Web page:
Private respondents Librado Aquino and Eufemio Bondad were bus conductors of petitioner Batangas Laguna Tayabas Bus Company (BLTB Co.). Sometime in December 1973, private respondents, together with 34 other employees, were detained by the military for alleged involvement in the defraudation of petitioner in the amount of P186,169.30 committed during the months of February to November, 1973. 1

Martial law then being in effect, private respondents, together with the aforesaid 34 other employees, were investigated by the military and detained at the military camps in San Pablo City and later at Camp Vicente Lim, Canlubang, Laguna. 2 The preliminary investigation was initially conducted by the Judge Advocate General Office (JAGO), but after jurisdiction over such cases was transferred to the civil courts, the cases were endorsed to the city fiscal’s office of San Pablo City for further investigation. 3

Thereafter, an estafa case was filed against the 36 employees including private respondents before the Court of First Instance of San Pablo City, Branch XXXI (Case No. 723 SP). This case was still pending as of the filing of the Solicitor General’s Comment to the petition on April 22, 1985. 4

Subsequent to their temporary release 5 on May 7, 1974, private respondents Aquino and Bondad filed before the Department of Labor a complaint against BLTB Co. for illegal dismissal and violation of Presidential Decree No. 21 (NLRC Case No. LR-6117). 6 By agreement of the parties, said case was submitted for voluntary arbitration before Director Antonio M. Nuesa. On March 3, 1981, when the case remained pending and unresolved despite submission by the parties of their respective position papers sometime in 1975, private respondents, together with Eduardo Punzalan, Casiano Alcantara, Eligio Fomento and Ernesto Bobadilla who alleged to be co-complainants in said case, wrote Director Nuesa inquiring as to the status of the case. 7 Receiving no reply thereto, private respondents as well as Eduardo Punzalan, Casiano Alcantara, Eligio Fomento and Ernesto Bobadilla filed on April 8, 1981 a complaint for illegal dismissal with the labor arbiter for alleged refusal of petitioner BLTB Co. to give them work assignments since 1974. 8 Private respondents prayed for reinstatement and payment of their full backwages plus the 13th month pay and cost of living allowance (RO4-A Case No. AB 6-41781). 9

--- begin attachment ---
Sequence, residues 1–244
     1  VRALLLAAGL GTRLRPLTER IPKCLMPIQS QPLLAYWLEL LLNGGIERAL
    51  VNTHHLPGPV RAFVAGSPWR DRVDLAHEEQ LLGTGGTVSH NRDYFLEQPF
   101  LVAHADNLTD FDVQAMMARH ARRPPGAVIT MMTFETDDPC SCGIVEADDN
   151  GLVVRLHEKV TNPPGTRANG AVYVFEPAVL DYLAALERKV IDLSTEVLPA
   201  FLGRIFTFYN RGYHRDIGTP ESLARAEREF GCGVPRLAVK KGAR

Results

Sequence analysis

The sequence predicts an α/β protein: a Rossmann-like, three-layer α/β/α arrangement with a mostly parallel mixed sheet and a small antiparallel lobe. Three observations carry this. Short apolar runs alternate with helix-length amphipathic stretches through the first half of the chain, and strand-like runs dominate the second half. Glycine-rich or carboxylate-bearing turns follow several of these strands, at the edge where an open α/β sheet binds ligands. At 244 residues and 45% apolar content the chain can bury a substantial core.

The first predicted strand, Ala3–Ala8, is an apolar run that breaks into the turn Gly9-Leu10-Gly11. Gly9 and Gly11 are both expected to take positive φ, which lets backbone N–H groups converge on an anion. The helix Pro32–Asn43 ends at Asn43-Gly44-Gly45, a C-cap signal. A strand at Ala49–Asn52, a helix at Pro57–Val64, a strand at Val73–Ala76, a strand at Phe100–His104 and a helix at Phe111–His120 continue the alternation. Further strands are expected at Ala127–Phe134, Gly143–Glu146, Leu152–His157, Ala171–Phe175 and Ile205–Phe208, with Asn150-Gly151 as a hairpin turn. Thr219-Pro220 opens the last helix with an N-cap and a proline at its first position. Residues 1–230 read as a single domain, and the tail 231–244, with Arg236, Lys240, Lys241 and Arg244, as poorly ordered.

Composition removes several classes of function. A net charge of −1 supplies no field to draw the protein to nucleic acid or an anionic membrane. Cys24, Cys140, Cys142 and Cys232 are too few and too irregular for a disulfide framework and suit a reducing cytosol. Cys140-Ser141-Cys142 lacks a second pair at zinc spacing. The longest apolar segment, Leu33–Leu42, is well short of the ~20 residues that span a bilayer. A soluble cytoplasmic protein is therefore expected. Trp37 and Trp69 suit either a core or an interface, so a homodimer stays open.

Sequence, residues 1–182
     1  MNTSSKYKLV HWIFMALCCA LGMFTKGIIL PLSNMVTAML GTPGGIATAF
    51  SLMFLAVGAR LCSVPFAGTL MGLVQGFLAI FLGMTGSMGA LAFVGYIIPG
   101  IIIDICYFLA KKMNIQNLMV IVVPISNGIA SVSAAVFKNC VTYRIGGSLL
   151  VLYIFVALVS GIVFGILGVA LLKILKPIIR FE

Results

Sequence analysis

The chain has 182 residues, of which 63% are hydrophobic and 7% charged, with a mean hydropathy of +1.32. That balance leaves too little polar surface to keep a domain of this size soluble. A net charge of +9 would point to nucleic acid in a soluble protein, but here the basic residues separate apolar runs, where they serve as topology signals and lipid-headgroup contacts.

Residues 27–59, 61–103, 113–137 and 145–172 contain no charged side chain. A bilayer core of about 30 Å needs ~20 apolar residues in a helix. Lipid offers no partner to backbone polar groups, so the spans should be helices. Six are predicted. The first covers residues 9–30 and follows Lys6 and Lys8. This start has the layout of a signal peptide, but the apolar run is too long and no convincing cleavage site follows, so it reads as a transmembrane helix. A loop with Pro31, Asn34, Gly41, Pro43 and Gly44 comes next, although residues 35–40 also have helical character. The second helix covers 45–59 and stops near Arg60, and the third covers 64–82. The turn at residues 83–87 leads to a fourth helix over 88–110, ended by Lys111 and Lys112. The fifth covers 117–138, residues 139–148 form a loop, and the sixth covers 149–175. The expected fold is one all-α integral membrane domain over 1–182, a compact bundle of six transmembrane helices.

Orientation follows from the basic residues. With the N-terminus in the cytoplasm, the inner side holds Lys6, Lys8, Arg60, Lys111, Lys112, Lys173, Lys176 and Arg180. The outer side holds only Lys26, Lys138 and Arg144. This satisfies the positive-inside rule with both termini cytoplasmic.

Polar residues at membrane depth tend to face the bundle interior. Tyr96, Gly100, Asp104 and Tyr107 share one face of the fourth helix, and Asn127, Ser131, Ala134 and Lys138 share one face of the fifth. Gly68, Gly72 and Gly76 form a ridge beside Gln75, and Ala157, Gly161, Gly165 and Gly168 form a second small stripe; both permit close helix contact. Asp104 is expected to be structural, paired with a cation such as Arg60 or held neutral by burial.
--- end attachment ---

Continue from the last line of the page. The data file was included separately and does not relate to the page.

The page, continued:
On October 30, 1981, Labor Arbiter Vicente Manzano rendered a decision, the dispositive portion of which reads as follows:jgc:chanrobles.com.ph

"WHEREFORE, premises considered the following orders are hereby entered:jgc:chanrobles.com.ph

"1. Respondent Laguna Transportation Co., Inc. is hereby ordered to pay Librado Aquino and Eufemio Bondad their full backwages, allowances and other monetary benefits from the date these complainants stopped working up to April 8, 1981;

"2. Respondent Batangas Laguna Tayabas Bus Company is hereby ordered to pay complainants Librado Aquino and Eufemio Bondad their separation pay computed at 1/2 month for every year of service from their respective dates of employment up to April 8, 1981. The separation of these two (2) complainants is hereby approved after the payment of this benefit;

"3. The complaint for illegal dismissal of Ernesto Bobadilla, Eduardo Punzalan, Casiano Alcantara, and Eligio Fomento is hereby dismissed for reasons as stated above." 10